What Is the Statute of Limitations on Insurance Claims in New Hampshire?
Your ability to file a lawsuit after a car accident is governed by New Hampshire’s “statute of limitations” which restricts the amount of time you have to sue for damages. So, if you wait too long, you may give up your legal right to sue someone in court.
If you suffered injuries and vehicle damage in a car accident, an experienced Manchester NH car accident lawyer can help.
At the Law Office of Manning Zimmerman & Oliveira PLLC, we pride ourselves on our experience, client service, and professionalism. Contact us today to learn more.
New Hampshire’s Statute of Limitations
New Hampshire law generally limits you to three years to file a lawsuit for injuries and damages related to a car accident. This is true whether you were the driver, passenger, pedestrian, or someone whose property was damaged.
There may, however, be shorter timelines which apply. For example, if you have a claim for a car accident caused by a federal government employee, you may be required to file a claim under the Federal Tort Claims Act within two years of the date of the car crash. An experienced personal injury lawyer can review the facts of your case and advise you as to the time limits which apply to your claim.
When you sue someone in a car accident, you are asserting that their conduct was intentional or negligent. You are also claiming that their wrongful conduct resulted in your injuries or property damage.
You may be entitled to recover expenses you paid for treatment of your injuries, for your pain and suffering, and for other impacts to your life. In addition, you could be compensated for repair or replacement of your car and lost wages from missed work.
When Does the Statute of Limitations Begin to Run?
The clock on the three-year statute of limitations on a car accident typically starts the day your claim came into existence — that is, the date of the accident. So if you suffered injuries or property damage because of another person’s negligence, you have three years to file a suit against the party at fault. For some types of claims (such as an underinsured motorist claim) there may be different deadlines and calculations which apply.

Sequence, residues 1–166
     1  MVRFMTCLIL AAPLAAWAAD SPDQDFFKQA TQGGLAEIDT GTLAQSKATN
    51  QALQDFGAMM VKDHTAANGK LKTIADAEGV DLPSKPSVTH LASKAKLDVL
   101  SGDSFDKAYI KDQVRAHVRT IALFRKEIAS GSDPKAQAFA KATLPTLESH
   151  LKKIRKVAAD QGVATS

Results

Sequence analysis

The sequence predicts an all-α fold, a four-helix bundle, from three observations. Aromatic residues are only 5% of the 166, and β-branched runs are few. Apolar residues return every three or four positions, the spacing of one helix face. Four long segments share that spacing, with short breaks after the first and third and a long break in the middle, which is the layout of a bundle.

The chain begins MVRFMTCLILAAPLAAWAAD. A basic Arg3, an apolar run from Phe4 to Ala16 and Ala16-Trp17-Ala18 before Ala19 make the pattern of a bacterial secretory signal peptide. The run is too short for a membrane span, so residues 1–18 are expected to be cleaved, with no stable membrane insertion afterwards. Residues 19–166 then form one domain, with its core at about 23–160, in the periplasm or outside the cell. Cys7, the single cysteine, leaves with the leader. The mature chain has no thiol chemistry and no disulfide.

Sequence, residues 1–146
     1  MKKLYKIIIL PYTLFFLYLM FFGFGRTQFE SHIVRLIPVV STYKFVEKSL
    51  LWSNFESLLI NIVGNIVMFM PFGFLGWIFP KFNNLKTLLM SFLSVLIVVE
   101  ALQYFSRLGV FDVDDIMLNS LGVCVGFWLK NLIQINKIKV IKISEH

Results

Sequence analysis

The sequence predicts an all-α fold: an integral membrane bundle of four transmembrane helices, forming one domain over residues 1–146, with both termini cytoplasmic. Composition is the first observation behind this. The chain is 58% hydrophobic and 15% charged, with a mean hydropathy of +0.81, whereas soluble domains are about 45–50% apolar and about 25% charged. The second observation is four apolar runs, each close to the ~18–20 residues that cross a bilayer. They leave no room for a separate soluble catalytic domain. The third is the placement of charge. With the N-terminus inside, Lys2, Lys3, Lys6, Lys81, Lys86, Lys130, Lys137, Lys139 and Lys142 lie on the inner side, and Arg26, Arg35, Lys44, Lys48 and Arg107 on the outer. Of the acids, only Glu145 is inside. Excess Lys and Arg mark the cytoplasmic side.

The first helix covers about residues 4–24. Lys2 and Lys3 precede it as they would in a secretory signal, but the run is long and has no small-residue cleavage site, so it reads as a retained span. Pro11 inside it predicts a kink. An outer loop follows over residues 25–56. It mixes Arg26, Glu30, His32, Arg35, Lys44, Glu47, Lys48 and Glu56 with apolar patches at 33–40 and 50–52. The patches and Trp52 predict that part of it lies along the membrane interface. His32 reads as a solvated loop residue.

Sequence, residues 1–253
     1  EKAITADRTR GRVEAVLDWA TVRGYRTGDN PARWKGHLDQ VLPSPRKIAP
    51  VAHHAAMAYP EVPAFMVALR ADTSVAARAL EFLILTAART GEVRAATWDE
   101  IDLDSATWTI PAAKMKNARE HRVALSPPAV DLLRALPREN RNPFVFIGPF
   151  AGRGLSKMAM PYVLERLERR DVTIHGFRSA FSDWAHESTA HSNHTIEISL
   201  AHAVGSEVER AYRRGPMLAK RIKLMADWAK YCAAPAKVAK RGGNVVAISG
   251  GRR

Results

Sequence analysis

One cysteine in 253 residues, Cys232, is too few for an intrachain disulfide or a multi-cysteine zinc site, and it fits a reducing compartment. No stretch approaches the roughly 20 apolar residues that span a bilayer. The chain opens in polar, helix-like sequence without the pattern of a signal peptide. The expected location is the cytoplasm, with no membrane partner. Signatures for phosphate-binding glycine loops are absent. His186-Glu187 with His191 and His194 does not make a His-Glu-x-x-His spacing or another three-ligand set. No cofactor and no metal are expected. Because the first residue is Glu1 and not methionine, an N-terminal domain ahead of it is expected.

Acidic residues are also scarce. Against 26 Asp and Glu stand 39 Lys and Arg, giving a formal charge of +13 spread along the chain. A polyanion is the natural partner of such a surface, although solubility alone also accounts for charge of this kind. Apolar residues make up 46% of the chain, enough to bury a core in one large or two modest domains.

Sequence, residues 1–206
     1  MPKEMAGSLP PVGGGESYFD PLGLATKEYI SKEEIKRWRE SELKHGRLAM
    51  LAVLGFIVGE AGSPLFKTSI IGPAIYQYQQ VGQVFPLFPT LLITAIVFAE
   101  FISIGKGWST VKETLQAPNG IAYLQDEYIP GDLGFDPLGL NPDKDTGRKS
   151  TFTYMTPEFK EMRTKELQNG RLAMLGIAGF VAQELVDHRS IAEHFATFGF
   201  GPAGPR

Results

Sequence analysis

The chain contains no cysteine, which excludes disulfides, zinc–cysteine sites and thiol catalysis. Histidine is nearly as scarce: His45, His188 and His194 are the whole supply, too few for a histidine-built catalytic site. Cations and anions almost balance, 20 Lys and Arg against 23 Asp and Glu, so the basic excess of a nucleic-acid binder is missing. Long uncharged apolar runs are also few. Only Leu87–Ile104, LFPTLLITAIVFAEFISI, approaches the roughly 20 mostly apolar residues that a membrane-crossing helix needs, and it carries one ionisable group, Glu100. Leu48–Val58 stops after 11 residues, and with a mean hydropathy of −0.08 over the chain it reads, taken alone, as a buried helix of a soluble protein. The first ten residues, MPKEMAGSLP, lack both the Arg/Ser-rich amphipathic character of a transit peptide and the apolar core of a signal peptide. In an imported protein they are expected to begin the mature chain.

In a wrongful death claim, or if the driver of the vehicle that caused the crash has died, there may be different deadlines which apply and/or you may be required to open an estate before a lawsuit is filed. Again. An experienced personal injury attorney can help determine the specific deadlines which apply to your claim.
The clock does not start running when you file an insurance claim but when the cause of the claim arose. Whether you may file a claim promptly or not change the time limit within which the claim must be filed in court. However, keep in mind that New Hampshire law requires drivers to report serious crashes within 15 days. They must do so in writing to the Division of Motor Vehicles. The report must describe any injuries or deaths, along with property damage above $1000. More information on these reporting requirements can be found here: https://www.nh.gov/safety/divisions/dmv/financial-responsibility/accidents-crashes.htm
The point is to act quickly. You have a limited window of time to be compensated for your losses from a car accident. You should not wait until after your insurance claim is processed to talk to a lawyer. Settling insurance claims and preparing to file a lawsuit both take time.
How Does New Hampshire’s Modified Comparative Negligence System Work?
An important question you may have is whether you can still sue for damages when you are partially at fault. New Hampshire follows a modified “comparative negligence” system. Under this rule, the good news is you can still recover damages from a car accident even if you were partly at fault. The bad news is your award will be limited to the percentage you were not at fault. If you were more at fault than the defendant, you cannot recover anything.
For instance, let’s say that your damages total the amount of $10,000. But the jury determines that you were 10% at fault for the accident. In this case, the total amount of your damages would be reduced by 10% by the judge, and you were receive a total reward of $9,000.
Unfortunately, determining how much you were at-fault is not a science. There is no formula for assigning fault to you and the defendant. Assigning liability comes down to the judgment of the insurance claims adjuster, or the judge and jury. That’s why it’s important to have an experienced car accident attorney who can help you negotiate with the claims adjuster or persuade the court that you were less at fault.
Speak to a Manchester NH Car Accident Attorney Today
To learn more about New Hampshire’s statute of limitations on insurance claims, speak to an experienced Manchester NH injury attorney. At the Law Office of Manning Zimmerman & Oliveira PLLC, we can help you seek recovery for damages from a car accident. Contact us today for a free consultation.